ON PETITION FOR REVIEW OF A DECISION OF THE BENEFITS REVIEW BOARD REHEARING BEFORE THE ORIGINAL PANEL MAY 16, 1983.
Gibbons, Weis and Sloviter, Circuit Judges. Weis, Circuit Judge, concurring and dissenting.
On April 9, 1983 we granted the petition of the Director, Office of Workers' Compensation Programs, Department of Labor, for panel rehearing of our decision of October 22, 1982 granting the petition of Charles J. Halon, Jr., Executor of the Estate of Bertha Kubilus, for review of the denial of Mrs. Kubilus' claim for benefits under the Black Lung Benefits Act, 30 U.S.C. §§ 901-45 (1976 & Supp. V 1981). The case was set down for argument on May 16, 1983. We reinstate our October 22, 1982 judgment.
Mrs. Kubilus, who died while her claim was pending, was the widow of a coal miner. She filed a claim for survivors benefits on August 28, 1974. The claim was originally denied. The Black Lung Benefits Reform Act of 1977, Pub. L. 95-239, 92 Stat. 95, greatly liberalized the criteria for black lung benefits. Section 15 of that Act added a provision, now found at 30 U.S.C. § 945 (Supp. V 1981), for review of pending and previously denied claims. The 1977 Act also transferred most adjudicatory functions from the Department of Health, Education and Welfare to the Department of Labor. The section requiring review of pending or previously denied claims provides that the Secretary of Health, Education and Welfare (now the Secretary of Health and Human Services) shall on request review previously denied claims on the original record under the liberalized standard of the 1977 Act. If approved, such claims are certified to the Secretary of Labor for payment. 30 U.S.C. § 945(a)(2)(A). Any claim not so approved is referred to the Secretary of Labor for determination. 30 U.S.C. § 945(a)(2)(B). The Labor Department must take into account the evidence in the file. If that is insufficient for approval of the claim under the Black Lung Benefits Reform Act of 1977 the Secretary must provide an opportunity for the claimant to present additional evidence.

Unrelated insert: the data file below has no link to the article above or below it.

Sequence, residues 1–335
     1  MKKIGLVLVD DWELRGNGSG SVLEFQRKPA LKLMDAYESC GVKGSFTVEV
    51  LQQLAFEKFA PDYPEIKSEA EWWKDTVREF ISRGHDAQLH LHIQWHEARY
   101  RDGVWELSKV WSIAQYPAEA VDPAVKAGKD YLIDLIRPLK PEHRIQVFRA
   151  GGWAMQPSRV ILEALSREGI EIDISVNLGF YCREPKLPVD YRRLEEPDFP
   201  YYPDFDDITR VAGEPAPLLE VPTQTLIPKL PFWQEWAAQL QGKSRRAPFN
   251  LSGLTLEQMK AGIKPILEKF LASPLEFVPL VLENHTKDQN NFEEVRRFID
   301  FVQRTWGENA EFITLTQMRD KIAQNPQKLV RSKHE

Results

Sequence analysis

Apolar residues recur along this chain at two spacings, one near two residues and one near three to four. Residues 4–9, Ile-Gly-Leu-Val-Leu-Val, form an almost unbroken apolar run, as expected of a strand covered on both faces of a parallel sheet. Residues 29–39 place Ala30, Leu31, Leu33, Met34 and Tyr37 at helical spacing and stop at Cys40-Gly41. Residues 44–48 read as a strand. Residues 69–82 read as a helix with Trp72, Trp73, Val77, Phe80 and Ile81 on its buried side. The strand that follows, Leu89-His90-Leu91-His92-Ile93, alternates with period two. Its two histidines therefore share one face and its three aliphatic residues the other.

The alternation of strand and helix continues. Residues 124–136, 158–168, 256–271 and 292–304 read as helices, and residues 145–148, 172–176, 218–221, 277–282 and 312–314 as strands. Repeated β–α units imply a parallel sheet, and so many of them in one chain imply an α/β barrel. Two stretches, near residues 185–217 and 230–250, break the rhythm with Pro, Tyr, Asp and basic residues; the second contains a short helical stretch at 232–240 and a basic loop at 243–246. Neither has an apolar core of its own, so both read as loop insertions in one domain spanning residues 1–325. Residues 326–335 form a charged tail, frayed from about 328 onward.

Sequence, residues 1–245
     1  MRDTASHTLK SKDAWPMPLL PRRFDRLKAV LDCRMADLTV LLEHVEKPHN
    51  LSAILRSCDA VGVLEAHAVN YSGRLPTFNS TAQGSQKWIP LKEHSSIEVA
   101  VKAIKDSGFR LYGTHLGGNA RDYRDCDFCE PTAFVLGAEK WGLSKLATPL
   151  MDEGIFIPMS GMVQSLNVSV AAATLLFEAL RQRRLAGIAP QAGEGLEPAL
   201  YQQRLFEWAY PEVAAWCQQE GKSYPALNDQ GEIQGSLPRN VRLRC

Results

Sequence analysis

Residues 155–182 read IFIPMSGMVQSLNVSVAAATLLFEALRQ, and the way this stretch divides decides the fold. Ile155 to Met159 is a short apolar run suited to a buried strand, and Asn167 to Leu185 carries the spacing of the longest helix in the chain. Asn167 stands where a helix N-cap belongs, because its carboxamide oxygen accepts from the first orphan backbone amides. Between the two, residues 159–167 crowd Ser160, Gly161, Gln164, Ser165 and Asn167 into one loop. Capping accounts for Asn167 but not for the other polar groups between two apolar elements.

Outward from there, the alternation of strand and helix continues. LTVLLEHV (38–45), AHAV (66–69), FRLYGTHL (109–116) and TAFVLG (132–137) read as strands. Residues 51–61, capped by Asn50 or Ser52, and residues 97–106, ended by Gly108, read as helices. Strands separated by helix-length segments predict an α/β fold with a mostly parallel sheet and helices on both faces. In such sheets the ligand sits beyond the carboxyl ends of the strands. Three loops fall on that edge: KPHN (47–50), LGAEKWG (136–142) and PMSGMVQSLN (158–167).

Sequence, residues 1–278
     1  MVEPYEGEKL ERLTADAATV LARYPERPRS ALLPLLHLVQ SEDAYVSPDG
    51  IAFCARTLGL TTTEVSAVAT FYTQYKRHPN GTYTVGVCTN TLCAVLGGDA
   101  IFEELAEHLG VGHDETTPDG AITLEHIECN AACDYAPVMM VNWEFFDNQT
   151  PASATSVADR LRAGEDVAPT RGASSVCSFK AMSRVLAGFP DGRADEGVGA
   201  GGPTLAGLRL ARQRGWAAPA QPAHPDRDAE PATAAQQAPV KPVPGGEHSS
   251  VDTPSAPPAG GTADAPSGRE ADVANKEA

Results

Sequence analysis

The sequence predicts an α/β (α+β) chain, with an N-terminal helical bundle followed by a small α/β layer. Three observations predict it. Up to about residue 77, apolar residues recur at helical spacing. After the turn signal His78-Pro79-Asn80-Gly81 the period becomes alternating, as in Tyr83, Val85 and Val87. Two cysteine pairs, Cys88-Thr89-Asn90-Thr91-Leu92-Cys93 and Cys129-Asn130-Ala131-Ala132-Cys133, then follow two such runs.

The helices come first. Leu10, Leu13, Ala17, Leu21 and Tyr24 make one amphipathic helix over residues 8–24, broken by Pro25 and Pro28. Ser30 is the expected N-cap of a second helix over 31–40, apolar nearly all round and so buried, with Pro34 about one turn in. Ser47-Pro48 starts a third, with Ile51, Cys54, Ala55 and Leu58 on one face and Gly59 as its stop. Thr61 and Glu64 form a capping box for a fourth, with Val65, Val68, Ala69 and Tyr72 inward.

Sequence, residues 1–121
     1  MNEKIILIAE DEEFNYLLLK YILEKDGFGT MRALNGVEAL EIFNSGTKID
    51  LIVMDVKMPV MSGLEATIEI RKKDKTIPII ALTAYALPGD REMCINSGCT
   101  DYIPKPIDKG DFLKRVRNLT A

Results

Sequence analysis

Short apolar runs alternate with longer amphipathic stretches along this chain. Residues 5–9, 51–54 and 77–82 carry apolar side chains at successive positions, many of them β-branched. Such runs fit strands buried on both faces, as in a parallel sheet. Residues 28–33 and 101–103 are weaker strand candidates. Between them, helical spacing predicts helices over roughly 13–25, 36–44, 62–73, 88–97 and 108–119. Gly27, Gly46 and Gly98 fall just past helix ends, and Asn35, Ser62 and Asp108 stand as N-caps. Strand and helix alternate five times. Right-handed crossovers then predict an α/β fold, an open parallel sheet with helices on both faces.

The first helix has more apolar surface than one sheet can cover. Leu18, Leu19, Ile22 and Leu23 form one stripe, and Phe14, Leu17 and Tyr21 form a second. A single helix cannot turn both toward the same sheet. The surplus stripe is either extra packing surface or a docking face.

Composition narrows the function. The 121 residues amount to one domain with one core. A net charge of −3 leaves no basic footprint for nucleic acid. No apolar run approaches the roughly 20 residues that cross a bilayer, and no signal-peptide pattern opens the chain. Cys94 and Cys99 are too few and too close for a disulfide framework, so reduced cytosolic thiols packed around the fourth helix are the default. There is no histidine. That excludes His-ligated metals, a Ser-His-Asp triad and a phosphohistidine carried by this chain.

At the time of the passage of the Black Lung Benefits Reform Act of 1977 the Secretary of Health, Education and Welfare was adjudicating claims under regulations found at Part 410 of Title 20, Code of Federal Regulations. Mindful of the fact that under 30 U.S.C. § 945 some pending and previously denied claims would be processed by HEW while others would be processed by Labor, Congress in section 2(c) of the 1977 Act provided that "total disability" has the meaning given to it by regulations of either Secretary. 30 U.S.C. § 902(f)(1). Section 2(c), however, dealt specifically with cases reviewed pursuant to 30 U.S.C. § 945 as follows:
Criteria applied by the Secretary of Labor in cases of --
(A) any claim which is subject to review by the Secretary of Health and Human Services or subject to a determination by the Secretary of Labor, under section 945(a) of this title;
(B) any claim which is subject to review by the Secretary of Labor under section 945(b) of this title; and
(C) any claim filed on or before the effective date of regulations promulgated under this subsection by the Secretary of Labor;
shall not be more restrictive than the criteria applicable to a claim filed on June 30, 1973, whether or not the final disposition of any such claim occurs after the date of such promulgation of regulations by the Secretary of Labor.
Under the statute, if the late Mr. Kubilus was permanently disabled by pneumoconiosis prior to his death, and the pneumoconiosis arose out of coal mine employment his widow was entitled to survivors benefits under the Act. 30 U.S.C. §§ 921(a), 902(b). The Secretary of Health, Education and Welfare adopted interim adjudicatory rules for the determination of the cause of such permanent disability. The regulation relevant to this case provides:
(b) Interim Presumption. With respect to . . . a survivor of a miner who dies before January 1, 1974, when such survivor timely files a claim for benefits, such miner will be presumed . . . to have been totally disabled due to pneumoconiosis at the time of his death, or his death will be presumed to be due to pneumoconiosis, as the case may be, if:
(1) One of the following medical requirements is met:
(i) A chest roentgenogram (X-ray), biopsy, or autopsy establishes the existence of pneumoconiosis (see § 410.428); . . .
(2) The impairment established in accordance with paragraph (b)(1) of this section arose out of coal mine ...